Mark Butterworth is a California author with nine books to his credit on Amazon.com, including such intriguing titles as My Inferiors and A Man with Three Great German Shepherds (and 1000 troy ounces of gold). I Like the White World provides further proof he is not cut out for Oprah’s book club or the Times Literary Supplement. Yet the book is not an in-your-face white nationalist fantasy in the vein of Jack’s War or Tales of New America. The central character, Tom Mason, is not a white nationalist at all, but a Christian filmmaker trying to survive in the hostile surroundings of Hollywood. He is an attractive fellow with an attractive wife and two beautiful children. He must support them, of course, but is hampered by moral and religious principle from playing according to Hollywood’s rules. His wife does not sympathize with these inhibitions.
Tom makes a low-budget Christian movie with mostly volunteer actors that is successful by the standards of its niche market: “with box office receipts, DVD sales, pay per view sales, all the ancillary markets, I guess Blessed Shepherd Church cleared around two and a half million.” When it becomes clear that his superiors consider a simple thank-you adequate payment for this achievement, he resigns.
Despite a successful film on his resume, he runs into difficulties finding another position. His wife is not sympathetic: “She came at my with the ‘why didn’t you consult me first?’ umbrage-taking line of reasoning. ‘Why?’ Simple. Because I’m the man and I do what’s best for us according to my lights.” Under pressure to keep his wife happy, he calls his father for advice.
But his father has been worrying him lately. Tom sounds almost apologetic explaining it to readers: “his opinions of the world have taken a decided turn into the realm of, geez, I don’t know how to describe this because I don’t want to be mean to my father, he’s a sweet guy (sort of), but his politics have gotten ethnic.”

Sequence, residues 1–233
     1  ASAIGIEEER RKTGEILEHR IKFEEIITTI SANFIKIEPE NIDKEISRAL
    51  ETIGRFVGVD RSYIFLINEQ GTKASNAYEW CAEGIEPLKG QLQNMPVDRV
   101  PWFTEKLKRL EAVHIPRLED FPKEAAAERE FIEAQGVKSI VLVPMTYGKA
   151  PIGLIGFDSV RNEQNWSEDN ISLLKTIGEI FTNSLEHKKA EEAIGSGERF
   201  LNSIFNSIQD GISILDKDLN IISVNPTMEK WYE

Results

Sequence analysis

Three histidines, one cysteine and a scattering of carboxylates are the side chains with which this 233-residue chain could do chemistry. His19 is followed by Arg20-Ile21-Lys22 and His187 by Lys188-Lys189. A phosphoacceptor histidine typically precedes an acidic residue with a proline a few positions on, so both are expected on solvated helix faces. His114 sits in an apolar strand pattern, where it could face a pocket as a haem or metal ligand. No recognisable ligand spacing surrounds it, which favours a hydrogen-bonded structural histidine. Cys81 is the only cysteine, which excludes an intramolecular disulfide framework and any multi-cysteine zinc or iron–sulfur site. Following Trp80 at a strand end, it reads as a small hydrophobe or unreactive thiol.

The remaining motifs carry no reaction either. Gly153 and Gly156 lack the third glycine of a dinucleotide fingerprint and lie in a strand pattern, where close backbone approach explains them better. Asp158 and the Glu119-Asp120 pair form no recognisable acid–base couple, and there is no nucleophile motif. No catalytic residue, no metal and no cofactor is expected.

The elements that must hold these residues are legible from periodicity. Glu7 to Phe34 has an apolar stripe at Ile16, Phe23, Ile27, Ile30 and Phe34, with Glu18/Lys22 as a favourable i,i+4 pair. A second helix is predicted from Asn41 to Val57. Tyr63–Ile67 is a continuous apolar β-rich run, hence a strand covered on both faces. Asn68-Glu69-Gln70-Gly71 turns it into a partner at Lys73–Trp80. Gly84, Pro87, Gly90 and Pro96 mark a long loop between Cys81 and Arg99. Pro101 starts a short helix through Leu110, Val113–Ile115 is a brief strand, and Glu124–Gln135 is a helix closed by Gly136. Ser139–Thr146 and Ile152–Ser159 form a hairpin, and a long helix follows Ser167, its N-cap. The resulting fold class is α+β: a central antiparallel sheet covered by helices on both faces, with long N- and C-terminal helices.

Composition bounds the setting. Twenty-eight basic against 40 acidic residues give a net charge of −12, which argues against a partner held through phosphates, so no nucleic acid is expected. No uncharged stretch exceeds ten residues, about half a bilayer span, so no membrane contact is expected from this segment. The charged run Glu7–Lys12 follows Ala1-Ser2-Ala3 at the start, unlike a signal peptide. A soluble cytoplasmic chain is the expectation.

Driving through affluent Orange county together one day, Dad remarks:
You know what? I look around at this and think—I like the white world. I like being white. Some people look at this and say it’s somehow sterile, all this gleaming cleanness, but it’s not cold or sterile. It’s organized and orderly. I like that because I’m organized and orderly. That’s who I come from. That’s what my people do—good, smart, white people.
What’s wrong with organized and orderly, anyway? Fifties white bread? I love the Fifties. That’s when America was at its best and its height. White bread? Delicious! It’s so delicious no toast in the world tastes as good as white bread toast.
So, yeah, I like the white world; and our towns, cities when they’re like this; and our inventions and food, and anybody who says otherwise can go screw themselves. Organized and orderly. I like the white world.
Tom is suitably embarrassed:
I don’t quite know what to do with my dad because, as a Christian, anyone can become a member of the Body of Christ no matter race or culture. I can’t say I prefer white Christian towns, cities and states more than brown or black ones, can I, and not be something of a failure at my faith?
(Thank heaven Charles Martel never got the memo.)
Over the course of the novel, Tom’s wife leaves him for a rich, mainstream Hollywood mogul, and Tom grows closer to his father. There are also scenes involving Tom’s father with the children. Grandpa teaches them to shoot, relates the story of the family’s Puritan ancestors and corrects their multicultural textbook notions about the peaceful, environmentally-conscious Indians such ancestors are said to have oppressed.
Clearly, Mark Butterworth’s novel has the potential to appeal to a certain kind of reader who would only be put off by a racial revenge fantasy like Jack’s War. It is only 151 pages long and sells for $8.99 at Amazon. Not a bad gift idea for friends or family who think you have lost your mind since you got involved in white nationalism.